Reader Dan P. writes in to ask:
Joe, I read your post on GMO farming with great interest. Would you mind telling me, other than increasing the yields of a crop we don’t need and tinkering with the building blocks of life, what GMO crop developers have really achieved?
Dan, I couldn’t be more pleased to answer that. Here’s what Norman Borlaug wrote in the Wall Street Journal about a year ago:
• Since 1996, the planting of genetically modified crops developed through biotechnology has spread to about 250 million acres from about five million acres around the world, with half of that area in Latin America and Asia. This has increased global farm income by $27 billion annually.
• Ag biotechnology has reduced pesticide applications by nearly 500 million pounds since 1996. In each of the last six years, biotech cotton saved U.S. farmers from using 93 million gallons of water in water-scarce areas, 2.4 million gallons of fuel, and 41,000 person-days to apply the pesticides they formerly used.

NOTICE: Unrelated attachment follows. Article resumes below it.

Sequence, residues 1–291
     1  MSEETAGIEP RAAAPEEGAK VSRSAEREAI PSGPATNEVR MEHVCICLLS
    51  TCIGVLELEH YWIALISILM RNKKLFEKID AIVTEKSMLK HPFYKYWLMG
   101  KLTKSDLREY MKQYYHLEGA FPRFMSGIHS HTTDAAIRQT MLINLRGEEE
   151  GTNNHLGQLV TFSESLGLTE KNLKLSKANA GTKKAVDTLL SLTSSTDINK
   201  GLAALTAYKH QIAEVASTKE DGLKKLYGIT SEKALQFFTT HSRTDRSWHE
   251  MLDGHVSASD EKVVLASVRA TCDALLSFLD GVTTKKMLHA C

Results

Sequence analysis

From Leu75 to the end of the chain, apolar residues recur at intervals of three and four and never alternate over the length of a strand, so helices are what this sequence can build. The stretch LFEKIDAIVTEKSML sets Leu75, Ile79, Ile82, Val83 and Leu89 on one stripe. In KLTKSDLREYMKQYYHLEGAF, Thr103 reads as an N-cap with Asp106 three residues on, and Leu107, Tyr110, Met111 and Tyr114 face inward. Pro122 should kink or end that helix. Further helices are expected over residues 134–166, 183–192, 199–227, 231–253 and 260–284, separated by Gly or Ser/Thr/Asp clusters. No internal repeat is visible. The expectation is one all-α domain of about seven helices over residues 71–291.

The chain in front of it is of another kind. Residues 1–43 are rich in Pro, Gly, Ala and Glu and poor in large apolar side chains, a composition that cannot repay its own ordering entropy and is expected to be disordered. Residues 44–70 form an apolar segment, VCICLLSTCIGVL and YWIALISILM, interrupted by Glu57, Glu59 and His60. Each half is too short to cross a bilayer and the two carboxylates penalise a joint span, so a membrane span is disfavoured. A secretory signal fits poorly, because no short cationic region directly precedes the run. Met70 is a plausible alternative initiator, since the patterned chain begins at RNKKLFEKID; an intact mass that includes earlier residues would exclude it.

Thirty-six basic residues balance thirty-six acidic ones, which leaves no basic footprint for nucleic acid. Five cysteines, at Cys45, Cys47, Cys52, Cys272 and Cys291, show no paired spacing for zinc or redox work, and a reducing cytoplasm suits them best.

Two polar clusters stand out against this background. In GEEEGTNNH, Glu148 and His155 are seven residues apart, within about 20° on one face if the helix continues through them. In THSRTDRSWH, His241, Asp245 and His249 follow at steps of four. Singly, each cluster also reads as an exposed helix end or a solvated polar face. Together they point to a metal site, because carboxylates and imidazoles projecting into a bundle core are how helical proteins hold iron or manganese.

• Herbicide-tolerant corn and soybeans have enabled greater adoption of minimum-tillage practices. No-till farming has increased 35% in the U.S. since 1996, saving millions of gallons of fuel, perhaps one billion tons of soil each year from running into waterways, and significantly improving moisture conservation as well.
• Improvements in crop yields and processing through biotechnology can accelerate the availability of biofuels. While the current emphasis is on using corn and soybeans to produce ethanol, the long-term solution will be cellulosic ethanol made from forest industry by-products and products.
And those numbers don’t even begin to address reductions in the overall “carbon footprint” of agriculture worldwide, from carbon release (from tilling) to air pollution (from machinery). (For those who don’t understand the headline, I’ll refer you to Monty Python 101.)